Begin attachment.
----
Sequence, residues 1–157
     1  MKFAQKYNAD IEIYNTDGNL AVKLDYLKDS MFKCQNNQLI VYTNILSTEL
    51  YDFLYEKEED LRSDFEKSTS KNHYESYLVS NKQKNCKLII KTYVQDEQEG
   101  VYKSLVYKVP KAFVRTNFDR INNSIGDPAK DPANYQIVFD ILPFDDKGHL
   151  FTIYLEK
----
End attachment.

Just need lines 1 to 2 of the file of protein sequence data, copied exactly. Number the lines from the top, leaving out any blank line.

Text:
Sequence, residues 1–157
     1  MKFAQKYNAD IEIYNTDGNL AVKLDYLKDS MFKCQNNQLI VYTNILSTEL